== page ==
The Trump Administration's New Rule Bars Asylum To Immigrants That Enter Illegally Scott Simon speaks with Linsday Harris of the American Immigration Lawyers Association about the Trump administration's new rule to deny migrants who enter the U.S. illegally from seeking asylum.
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The Trump Administration's New Rule Bars Asylum To Immigrants That Enter Illegally

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The Trump Administration's New Rule Bars Asylum To Immigrants That Enter Illegally

The Trump Administration's New Rule Bars Asylum To Immigrants That Enter Illegally

The Trump Administration's New Rule Bars Asylum To Immigrants That Enter Illegally

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Scott Simon speaks with Linsday Harris of the American Immigration Lawyers Association about the Trump administration's new rule to deny migrants who enter the U.S. illegally from seeking asylum.

SCOTT SIMON, HOST:

The American Civil Liberties Union, Southern Poverty Law Center and other immigrant rights groups have filed lawsuits against the Trump administration's new proclamation that would deny asylum to people who enter the country illegally. The president signed that order yesterday before flying to France. We're joined now by Lindsay Harris, vice chair of the National Asylum and Refugee Committee at the American Immigration Lawyers Association. Thanks very much for being with us.

LINDSAY HARRIS: Thank you so much for having me.

SIMON: I don't know what a - difference between an executive order and a proclamation is.

HARRIS: Well, proclamations seem to be more rare. They do kind of echo of something royal, but it has basically the same effect as an executive order.

SIMON: And how would this change what somebody who wants to apply for asylum must do?

HARRIS: Well, it's trying to bar asylum for people who enter the U.S. in between ports of entry.

SIMON: When you say...

HARRIS: So those people are...

SIMON: When you say - forgive me. When you say in between ports of entry, would some people phrase that as illegally?

HARRIS: Yes. The administration calls that illegal entry.

SIMON: You don't call it illegal entry if it's not through a port of entry.

HARRIS: I don't. I don't call it illegal entry when somebody is seeking asylum because our asylum laws have recognized since 1980 the right for any person who is present in the U.S. regardless of how they got here to seek asylum.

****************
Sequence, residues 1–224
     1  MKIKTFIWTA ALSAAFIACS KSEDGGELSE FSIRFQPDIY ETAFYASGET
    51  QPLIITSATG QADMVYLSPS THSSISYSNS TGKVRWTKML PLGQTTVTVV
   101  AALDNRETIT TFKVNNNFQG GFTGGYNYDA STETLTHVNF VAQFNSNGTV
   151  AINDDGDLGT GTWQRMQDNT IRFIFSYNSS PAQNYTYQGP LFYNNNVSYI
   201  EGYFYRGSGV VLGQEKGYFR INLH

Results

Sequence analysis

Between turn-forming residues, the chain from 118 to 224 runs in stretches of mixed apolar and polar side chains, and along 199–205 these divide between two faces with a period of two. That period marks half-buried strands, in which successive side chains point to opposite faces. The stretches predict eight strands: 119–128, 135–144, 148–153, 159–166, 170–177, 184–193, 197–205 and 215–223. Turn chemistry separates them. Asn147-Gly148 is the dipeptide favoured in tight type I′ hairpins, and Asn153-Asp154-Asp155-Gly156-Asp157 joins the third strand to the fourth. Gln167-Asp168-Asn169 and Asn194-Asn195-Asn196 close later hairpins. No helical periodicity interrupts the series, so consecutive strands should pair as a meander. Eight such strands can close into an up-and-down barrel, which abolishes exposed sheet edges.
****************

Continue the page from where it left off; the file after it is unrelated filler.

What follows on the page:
SIMON: And it provides for them to be able to apply for asylum within their first year, as I recall reading the law.

HARRIS: Right. That's another bar that was put in place in 1996, that you're supposed to file within one year of arrival. So what the administration has done this week is try to create a new bar. But that bar actually does conflict directly with the statute, with the Refugee Act from 1980.

SIMON: Ms. Harris, what do you say to those Americans who might say, look; I have a world of sympathy for people who want asylum, it's important for America to be that beacon in the world, but come through a port of entry and apply, don't slip in over the border?

HARRIS: Well, there's a number of reasons why it's very difficult and sometimes impossible for people to come through ports of entry. Often, they don't know they're supposed to do that. People are fleeing for their lives and don't actually know what the proper procedure is or even what asylum is. They just know they're trying to get to a safe place. Others also - what we've been seeing, especially in the last couple of years, is people being unlawfully turned away from ports of entry. Even yesterday, there were reports of the bridge, you know, between El Paso and Ciudad Juarez being closed down. And there's also - so people are waiting for days, sometimes even months, at the border. There have been families turned away nine times when they do walk up to a point of entry and say that they are seeking asylum. And many people don't have the resources to sit and wait in Mexico. And furthermore, there is targeting of migrants and asylum-seekers in Mexico that makes it unsafe for them to stay there. So there's lots of reasons why people would instead cross the river, come over the border and then turn themselves in immediately to Customs and Border Protection.

SIMON: What does the law say as to what the government - what authorities need to do when someone says, I'm here to apply for asylum?

HARRIS: So the law says that, basically, you're then supposed to be asked four questions. And the questions are along the lines of, do you have a fear of returning to your home country? Are you here to seek asylum? Would you be tortured if you returned? If somebody says yes in response to any of those questions, it's supposed to be an automatic referral to a credible fear interview, which is kind of a threshold test to determine whether someone could be eligible for asylum. What Trump and the administration have done in the last couple days is try and take away that credibility fear interview for people who cross in between ports of entry.

SIMON: And if there's no interview, there is no way of gauging their appeal for asylum.

HARRIS: Well, yeah. Well, actually, the government does provide another type of interview that they've made clear they're not taking away, which is called reasonable fear. But then people will only be eligible for a much lesser form of protection called withholding of removal rather than asylum. So they're still going to very likely go through the process and have the full adjudication in immigration court. So nothing about this is actually going to save the government any time, energy or resources.

SIMON: Lindsay Harris, professor of law, co-director of the immigration clinic at the District of Columbia School of Law, thanks so much for being with us.

HARRIS: Thank you very much.

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